Brent futures rose above $116 on Tuesday, underpinned by supply concerns after the European Union slapped more sanctions on Iran, while ample supplies and healthy inventory in top consumer the United States capped gains.
The European Union cranked up pressure to force Tehran to halt its disputed nuclear programme with further sanctions on Iran's banking, shipping and industrial sectors. The measures came days after the Islamic Republic said it would negotiate on halting higher-grade uranium enrichment if given fuel for a research reactor.
Front-month Brent crude, due to expire later in the day, gained 32 cents to $116.12 a barrel by 0625 GMT, after settling up $1.18. U.S. oil gained 21 cents to $92.06. Fundamentally there is no shortage of oil, with Saudi Arabia and others maintaining high output while inventory levels are also good, said Ken Hasegawa, a commodity sales manager with Newedge in Tokyo.
On the other hand, there is tension in the market with what is happening in Iran and the Turkey-Syria issue. That has put a floor on prices.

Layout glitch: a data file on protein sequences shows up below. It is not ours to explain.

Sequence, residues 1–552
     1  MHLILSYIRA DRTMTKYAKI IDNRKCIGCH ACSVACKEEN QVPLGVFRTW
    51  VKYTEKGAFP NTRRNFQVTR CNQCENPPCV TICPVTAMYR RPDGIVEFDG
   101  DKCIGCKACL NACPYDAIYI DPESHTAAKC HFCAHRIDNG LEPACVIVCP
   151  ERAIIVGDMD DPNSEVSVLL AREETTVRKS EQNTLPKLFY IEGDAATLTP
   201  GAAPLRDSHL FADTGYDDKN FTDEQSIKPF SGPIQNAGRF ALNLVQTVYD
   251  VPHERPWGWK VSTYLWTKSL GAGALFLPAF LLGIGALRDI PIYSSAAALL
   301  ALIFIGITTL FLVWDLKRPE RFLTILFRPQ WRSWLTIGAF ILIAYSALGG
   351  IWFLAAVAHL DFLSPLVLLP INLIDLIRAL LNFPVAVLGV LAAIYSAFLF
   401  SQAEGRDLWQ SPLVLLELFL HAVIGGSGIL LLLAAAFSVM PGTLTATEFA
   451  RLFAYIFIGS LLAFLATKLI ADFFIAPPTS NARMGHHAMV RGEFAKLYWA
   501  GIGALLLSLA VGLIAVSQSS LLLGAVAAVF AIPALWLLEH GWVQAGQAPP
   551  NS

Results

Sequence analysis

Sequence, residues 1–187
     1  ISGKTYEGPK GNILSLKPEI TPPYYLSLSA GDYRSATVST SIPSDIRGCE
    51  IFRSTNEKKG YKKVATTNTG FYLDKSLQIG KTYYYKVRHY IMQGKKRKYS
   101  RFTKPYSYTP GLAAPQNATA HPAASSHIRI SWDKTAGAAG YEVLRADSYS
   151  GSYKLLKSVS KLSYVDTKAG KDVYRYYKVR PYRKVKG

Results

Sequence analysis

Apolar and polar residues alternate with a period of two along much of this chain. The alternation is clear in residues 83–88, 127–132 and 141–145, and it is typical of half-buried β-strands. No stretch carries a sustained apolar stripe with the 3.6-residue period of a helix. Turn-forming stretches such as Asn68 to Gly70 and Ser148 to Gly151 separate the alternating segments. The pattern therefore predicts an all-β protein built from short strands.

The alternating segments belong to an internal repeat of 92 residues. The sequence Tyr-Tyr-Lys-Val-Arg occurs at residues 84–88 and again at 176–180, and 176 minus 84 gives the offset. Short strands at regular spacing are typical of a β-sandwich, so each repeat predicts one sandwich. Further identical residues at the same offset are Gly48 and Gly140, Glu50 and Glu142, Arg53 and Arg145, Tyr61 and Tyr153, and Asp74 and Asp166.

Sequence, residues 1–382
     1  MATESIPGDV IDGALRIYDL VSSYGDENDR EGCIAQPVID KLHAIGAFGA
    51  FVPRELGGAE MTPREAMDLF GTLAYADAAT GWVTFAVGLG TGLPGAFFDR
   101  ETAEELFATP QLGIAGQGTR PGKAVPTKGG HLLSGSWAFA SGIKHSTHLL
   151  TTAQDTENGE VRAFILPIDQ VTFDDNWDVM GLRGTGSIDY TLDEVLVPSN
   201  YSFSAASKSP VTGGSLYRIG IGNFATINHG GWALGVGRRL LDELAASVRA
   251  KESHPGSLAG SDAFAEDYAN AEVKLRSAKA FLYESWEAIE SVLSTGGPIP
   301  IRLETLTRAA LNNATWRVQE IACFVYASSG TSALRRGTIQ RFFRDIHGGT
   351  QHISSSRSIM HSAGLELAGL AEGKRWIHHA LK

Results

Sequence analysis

The twin factors of ample supply and worries over a worsening crisis in the Middle East will keep oil well balanced unless the geopolitical situation worsens, Hasegawa said. He expected Brent to trade between $110 and $118 in the short term, for the next 10 days, with U.S. oil in an $88-$95 range.
The recent sanctions, one of the EU's toughest moves against Iran to date, reflect mounting concerns over the nuclear programme and also Israeli threats to attack Iranian atomic installations if a mix of sanctions and diplomacy fails.
Iran maintains that its nuclear project has only peaceful energy purposes and has refused in three rounds of talks since April to scale back uranium enrichment unless major economic sanctions are rescinded.
Brent was also supported by a possible delay in the restart of Britain's largest oilfield after maintenance, further hurting shipments of oil that sets the benchmark.
That helped the contract's premium oil rise to $23.95 on settlement in the previous session.
Brent prices were supported by further delays in the restart